As you say, people do really seem to feel that adoptees are sheltered or rather, haven’t matured since the age of 10. I think there is a misunderstanding about today’s online adoptees – many of us are exploring our biological connections and resultant emotions for the first time ever – the abstract has become real, however, many non-adopted people assume that we have been stuck in the same emotions all our life. 10 years ago, I might have been considered the “ideal adoptee” and had all the acceptable feelings that society expect from adoptees – however, reunion (even though only with extended family) has changed me and I am thinking about things I’ve not thought in depth about before and questioning adoption practices (which I’d never thought about before) – I am an ideal adoptee gone bad.


        • beth62

          May 23, 2015 at 5:50 pm

          Nooooo not the bunnies!!! 🙂
          myxomatosis – That’s not a new diagnosis, or new group, for reunited adopted people is it?

          “funny” bunny story: My son walks in yesterday, looking serious and sad, and says, 😦 “The rabbit died.”
          I nearly pass out and ask him to elaborate.
          “The rabbit we were trying to save that I hit with the lawn mower.”
          I say in relief, “OH! Thank God!”
          He says, “What is wrong with you Mom!?”
          … apparently he’s too young to know about old sayings and old pregnancy tests.


          • TAO

            May 23, 2015 at 7:20 pm

            You made me laugh Beth – I think that most people alive today have no idea when I try to explain ‘the rabbit had to die’ while trying to explain why mothers had to come see dad to get blood drawn to find out if they were pregnant.


          • belleinblue

            May 25, 2015 at 4:36 pm

            Ha, the rabbit died. Thank you MASH for teaching me that one.


  3. Jess

    May 21, 2015 at 11:27 am

    “Do they really not realise that, hey, perhaps the adoptee has considered all the possible outcomes themselves?”

    Yes, the patronizing was unbelievable–we know better than you do what your rights should be. Tempered enthusiasm, indeed. The rebuttal was magnificent.


    • TAO

      May 21, 2015 at 5:22 pm

      I thought so Jess, it hit so many valid points…

      Between the original patronizing post by that woman and the comments to the adoptee on Dear Abby – it’s so incredibly clear that adoptees are not seen as fully human…that’s the best way I can describe how ludicrous it really is….to be…an adoptee…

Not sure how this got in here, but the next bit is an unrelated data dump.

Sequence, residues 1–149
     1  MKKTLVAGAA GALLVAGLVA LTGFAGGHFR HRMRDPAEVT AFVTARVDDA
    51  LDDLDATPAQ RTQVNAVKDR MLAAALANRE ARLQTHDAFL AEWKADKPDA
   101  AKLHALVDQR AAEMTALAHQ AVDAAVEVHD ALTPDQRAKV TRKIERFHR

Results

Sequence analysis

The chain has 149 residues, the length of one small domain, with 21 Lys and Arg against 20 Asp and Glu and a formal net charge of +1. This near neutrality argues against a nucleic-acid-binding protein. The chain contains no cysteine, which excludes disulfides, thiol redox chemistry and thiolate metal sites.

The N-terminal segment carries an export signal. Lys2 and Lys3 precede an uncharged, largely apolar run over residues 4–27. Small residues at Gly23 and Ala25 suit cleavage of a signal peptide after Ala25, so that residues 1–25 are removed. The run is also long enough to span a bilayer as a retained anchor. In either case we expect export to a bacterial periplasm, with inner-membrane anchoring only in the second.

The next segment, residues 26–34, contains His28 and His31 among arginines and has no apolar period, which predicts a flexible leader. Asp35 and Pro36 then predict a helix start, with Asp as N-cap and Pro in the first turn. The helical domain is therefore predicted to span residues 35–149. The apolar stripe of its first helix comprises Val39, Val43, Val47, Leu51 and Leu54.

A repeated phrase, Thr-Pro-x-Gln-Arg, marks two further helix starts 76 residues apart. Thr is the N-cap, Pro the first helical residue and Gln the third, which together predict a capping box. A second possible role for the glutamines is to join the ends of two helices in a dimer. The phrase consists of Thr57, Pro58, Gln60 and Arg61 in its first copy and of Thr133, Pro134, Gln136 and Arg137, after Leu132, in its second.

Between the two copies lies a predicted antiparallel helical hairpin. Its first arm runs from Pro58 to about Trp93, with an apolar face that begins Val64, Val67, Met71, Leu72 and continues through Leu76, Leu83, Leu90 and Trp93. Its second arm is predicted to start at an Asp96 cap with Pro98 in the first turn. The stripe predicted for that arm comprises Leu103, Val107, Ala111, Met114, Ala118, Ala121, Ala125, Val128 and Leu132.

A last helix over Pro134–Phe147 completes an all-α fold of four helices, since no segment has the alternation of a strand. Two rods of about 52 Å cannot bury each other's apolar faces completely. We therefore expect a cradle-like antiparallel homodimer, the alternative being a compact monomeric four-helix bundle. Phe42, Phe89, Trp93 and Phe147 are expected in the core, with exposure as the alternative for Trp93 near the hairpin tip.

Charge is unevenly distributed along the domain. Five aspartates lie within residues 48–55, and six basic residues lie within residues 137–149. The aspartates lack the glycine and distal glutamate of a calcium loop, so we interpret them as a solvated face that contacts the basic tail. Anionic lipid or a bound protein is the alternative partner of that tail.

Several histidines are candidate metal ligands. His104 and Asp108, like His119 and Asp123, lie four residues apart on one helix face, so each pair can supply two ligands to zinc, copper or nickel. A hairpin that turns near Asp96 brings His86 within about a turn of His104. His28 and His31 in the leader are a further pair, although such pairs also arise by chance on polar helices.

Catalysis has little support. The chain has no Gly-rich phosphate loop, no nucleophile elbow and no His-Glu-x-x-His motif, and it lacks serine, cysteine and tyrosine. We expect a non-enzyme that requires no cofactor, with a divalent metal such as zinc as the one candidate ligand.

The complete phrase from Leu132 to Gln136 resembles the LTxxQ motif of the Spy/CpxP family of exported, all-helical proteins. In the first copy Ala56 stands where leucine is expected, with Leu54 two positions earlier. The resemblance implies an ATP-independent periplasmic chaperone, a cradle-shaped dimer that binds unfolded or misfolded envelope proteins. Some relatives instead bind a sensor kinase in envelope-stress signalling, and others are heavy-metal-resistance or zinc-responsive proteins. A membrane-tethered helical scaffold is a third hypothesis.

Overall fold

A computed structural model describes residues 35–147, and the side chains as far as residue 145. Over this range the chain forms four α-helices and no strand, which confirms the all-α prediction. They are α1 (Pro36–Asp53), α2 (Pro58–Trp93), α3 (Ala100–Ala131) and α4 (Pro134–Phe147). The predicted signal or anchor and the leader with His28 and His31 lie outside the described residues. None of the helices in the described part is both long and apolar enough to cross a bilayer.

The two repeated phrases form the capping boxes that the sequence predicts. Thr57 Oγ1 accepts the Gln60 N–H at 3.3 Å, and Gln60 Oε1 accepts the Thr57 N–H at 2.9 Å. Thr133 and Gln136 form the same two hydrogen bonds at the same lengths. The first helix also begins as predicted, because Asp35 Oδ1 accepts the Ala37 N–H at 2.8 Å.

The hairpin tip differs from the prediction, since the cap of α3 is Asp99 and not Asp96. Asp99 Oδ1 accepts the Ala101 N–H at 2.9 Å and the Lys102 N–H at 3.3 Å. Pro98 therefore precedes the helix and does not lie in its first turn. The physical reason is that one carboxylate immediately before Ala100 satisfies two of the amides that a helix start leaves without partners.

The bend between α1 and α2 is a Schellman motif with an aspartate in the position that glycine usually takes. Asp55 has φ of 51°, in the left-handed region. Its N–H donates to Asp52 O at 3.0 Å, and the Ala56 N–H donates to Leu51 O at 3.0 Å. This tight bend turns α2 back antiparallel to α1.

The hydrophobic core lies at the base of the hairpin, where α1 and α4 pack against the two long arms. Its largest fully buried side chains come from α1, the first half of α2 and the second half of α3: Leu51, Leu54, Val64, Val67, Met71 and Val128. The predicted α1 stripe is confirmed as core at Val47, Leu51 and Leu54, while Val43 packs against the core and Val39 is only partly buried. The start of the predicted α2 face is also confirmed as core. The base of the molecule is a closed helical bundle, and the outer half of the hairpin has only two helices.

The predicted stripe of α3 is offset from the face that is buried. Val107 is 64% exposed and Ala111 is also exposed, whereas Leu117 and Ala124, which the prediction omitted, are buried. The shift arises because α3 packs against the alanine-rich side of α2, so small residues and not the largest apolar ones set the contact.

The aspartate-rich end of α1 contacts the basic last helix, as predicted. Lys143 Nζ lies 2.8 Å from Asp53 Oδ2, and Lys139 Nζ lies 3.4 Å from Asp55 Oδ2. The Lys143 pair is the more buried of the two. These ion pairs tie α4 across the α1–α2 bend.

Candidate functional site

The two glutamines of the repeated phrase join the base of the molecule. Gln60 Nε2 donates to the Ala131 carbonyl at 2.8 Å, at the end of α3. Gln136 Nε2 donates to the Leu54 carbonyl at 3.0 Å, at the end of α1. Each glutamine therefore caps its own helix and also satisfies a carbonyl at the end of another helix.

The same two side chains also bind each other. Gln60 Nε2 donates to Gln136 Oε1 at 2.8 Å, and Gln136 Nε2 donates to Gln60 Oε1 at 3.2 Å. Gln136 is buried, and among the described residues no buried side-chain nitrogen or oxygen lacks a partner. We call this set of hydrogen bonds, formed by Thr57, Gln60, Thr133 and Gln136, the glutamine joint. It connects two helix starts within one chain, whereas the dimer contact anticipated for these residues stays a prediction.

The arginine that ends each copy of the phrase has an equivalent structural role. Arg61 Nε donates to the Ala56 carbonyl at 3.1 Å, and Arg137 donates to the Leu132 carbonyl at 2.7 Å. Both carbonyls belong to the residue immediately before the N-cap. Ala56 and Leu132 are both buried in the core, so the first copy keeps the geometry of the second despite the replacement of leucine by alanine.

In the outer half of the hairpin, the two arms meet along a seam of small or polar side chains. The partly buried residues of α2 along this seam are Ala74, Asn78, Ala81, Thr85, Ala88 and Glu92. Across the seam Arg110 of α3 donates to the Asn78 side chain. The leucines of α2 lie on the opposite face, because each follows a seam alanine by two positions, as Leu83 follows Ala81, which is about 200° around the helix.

• cb

        May 22, 2015 at 11:56 pm

        I think also that people see adoptees in black and white and can’t understand that adoptees may have multiple feelings at the same time. Adoptees are often accused of having “fantasies” about their bparents but people don’t always realise there may be conflicting “fantasies”, i.e. both negative and positive. I don’t know about others but I was prepared for the worst but hoped for the best.

        One thing that I do find hard, funnily enough, is that reality was actually better than my expectations and I find it hard to talk about my bfamily because, sorry to disappoint people, they are actually very nice. I just feel sometimes that I’m being judged for talking about my bfamily in a positive way which is why I feel I have to always make people aware that I also see my afamily in a positive light.

        Also, re the Dear Abby teenager’s anger, there seemed to be the assumption that the anger was steeped in hate which is often not the case (in fact, it is sometimes the “indifferent” adoptees (“they are nothing but sperm/egg donors”) who despise their bparents not the so-called angry ones). I remember once on another forum, a member (an AP actually) said that when her father died, she was angry at him for dying and to me that is a similar anger to how an adoptee might feel, i.e. angry at the person for not being in their life. Btw I don’t know that I ever really felt angry at my bmother or ever hated her, I don’t know that I necessarily felt abandoned. What adoption does do is send the message that we came along at a bad time in our bparents life and I do know that when I was younger, I never wanted people to find my presence inconvenient which meant I did often try not to outstay my welcome.